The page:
https://i.gyazo.com/55a60f67fc95a308514 … e574d9.mp4
9bwCSG2.png

This method appears to be outside of the bounds but that's just an issue with the draw functions when view is zoomed in.

The formula was

Expandvar t = degtorad(ang)  //theta is meassured in radians
var R = lng
var dir = direction

var r = R * (sin(t/2) / (1 + sin(t/2)))

var center_x = xx+lengthdir_x(R-r, dir)
var center_y = yy+lengthdir_y(R-r, dir)

So with the line and first circle collision both now possible to put those instances into the passed list, we can temporarily deactivate them or move them, which will leave up with roughly "angle%" less instances (assuming we're surrounded equally on all sides) then we can use handle the remaining objects,
-grab the red circle radius,
-if any are present,
--grab the yellow rectangle,
--and compare if those objects are in the red circle list,
--if any are present
---check the rectangle's list for point direction

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#10 2020-08-10 19:50:47

redeyesmaster
Member
Registered: 2020-08-09
Posts: 40

Re: collision_cone_list

Come to think of it, You could actually get pixel perfect collision with collision line if you only did lines from the outer border pixels. Temporarily removing the collided objects, then you would never actually need to account for the extras with in the radius. It would require more checks but the overhead may be less than expected. As it seems to cut down on my collision system quite a lot. I suppose I should start by trying 10k line checks against nothing first.

Example:
R75gYSo.png
[EDIT] This did not work out well.


On second thought, this would deffinently create move collision checks then using a "least-squares formula" Which there are a few good examples found on this page:
https://people.sc.fsu.edu/~jburkardt/cp … _test.html
Example:
sample01.png
Though to be honest im not to sure how well that example could help solve this issue.

[Edit] No matter how you slice it, you would still end up with a max of 1 rectangle collision per pixel length.

Last edited by redeyesmaster (2020-08-10 20:19:58)

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#11 2020-08-10 20:25:55

xot
Administrator
Registered: 2007-08-18
Posts: 1,221

Re: collision_cone_list

I added a GMS1 port of that proof-of-concept to this page.

https://xotmatrix.github.io/demos/colli … index.html


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#12 2020-08-10 21:38:34

redeyesmaster
Member
Registered: 2020-08-09
Posts: 40

Re: collision_cone_list

I've noticed you method has a VERY small margin of error, where occassionally there will be yellow pixels in front and behind the facing direction. Though I greatly appreciate the gms 1 link. I'll add it to my test project and see how it does.
Example:
https://gyazo.com/4792c3cedfe92b3c63134161e1ff43ce
I may just be color blind but I'm almost positive a few dots are passing through. Might need to test with different colors and I'll edit in another video.

[Edit 1]
Yeah it was giving false positives.
https://i.gyazo.com/809ad549a32586d2872 … e0c327.mp4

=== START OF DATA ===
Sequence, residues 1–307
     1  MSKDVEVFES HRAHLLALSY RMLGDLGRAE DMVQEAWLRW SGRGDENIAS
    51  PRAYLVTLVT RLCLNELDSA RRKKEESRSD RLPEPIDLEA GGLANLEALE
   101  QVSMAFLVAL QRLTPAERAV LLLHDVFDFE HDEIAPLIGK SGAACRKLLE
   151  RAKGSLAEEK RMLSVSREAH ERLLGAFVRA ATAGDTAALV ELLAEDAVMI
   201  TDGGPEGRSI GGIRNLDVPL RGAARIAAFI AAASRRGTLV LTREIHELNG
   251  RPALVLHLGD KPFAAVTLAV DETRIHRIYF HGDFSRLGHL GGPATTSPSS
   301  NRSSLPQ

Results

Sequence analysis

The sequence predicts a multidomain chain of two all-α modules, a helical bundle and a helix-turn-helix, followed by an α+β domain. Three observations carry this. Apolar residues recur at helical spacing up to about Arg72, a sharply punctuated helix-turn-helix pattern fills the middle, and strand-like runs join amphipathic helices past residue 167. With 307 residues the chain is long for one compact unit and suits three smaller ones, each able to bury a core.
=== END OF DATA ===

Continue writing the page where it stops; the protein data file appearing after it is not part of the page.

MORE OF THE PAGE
[Edit 2]
Nevermind those were the double culled out objects
https://gyazo.com/aa001b7d24c656b140793c73e48aa6ee

[Edit 3]
I knew i wasnt crazy, I kept testing it and in the top right you can see a pixel make it through, given a long enough distance this could make for a sizable gap
https://i.gyazo.com/0b60f4b49e526fe63fe … 1a323a.mp4

Stats:
Using with all, and calculating their distance and directions
27% of the over all frames 81/300

Red's culling collision system
48%, 130/270

Red's surface collision system
21%, 21/220

All of which are using their most precise settings, although same angle and length as well as number of objects collided/not collided.
The over all frame fluctuation is coming from my computer's background tasks. The important number is the percentages. I'll still need to adjust your new system and incorporate it into a script. But I presume it will likely be the best candidate, though ill try 2 version. With and with out the all of an object.

Last edited by redeyesmaster (2020-08-10 23:22:51)

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#13 2020-08-11 01:05:41

xot
Administrator
Registered: 2007-08-18
Posts: 1,221

Re: collision_cone_list

Those false positive stray collisions are caused by rounding errors. The dimensions of the sprite and the circle are not exactly the same in practice. Increasing the size of the culling sprite by one or two pixels (or more if you're paranoid) should ensure it always overlaps the boundary of the circle.

Expandimage_xscale = cone_radius + 1;
image_yscale = cone_radius + 1;

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#14 2020-08-11 01:07:22

redeyesmaster
Member
Registered: 2020-08-09
Posts: 40

Re: collision_cone_list

It will amaze me for years, but calling every single object with a with statement and having each one check for it's self with a unique collision check is by far the most efficient way, I wont even need to run a frame drop test as i see no difference. The only issues I see are larger sprites will get excluded because they are slightly in the culling. I know currently the script only cares about their x,y but I plan to adjust this in the future.
Example:
9h39UsM.png
With 4x as many object:
https://i.gyazo.com/0dcf2dd80081e77ef06 … 937ad3.mp4

Last edited by redeyesmaster (2020-08-11 01:18:57)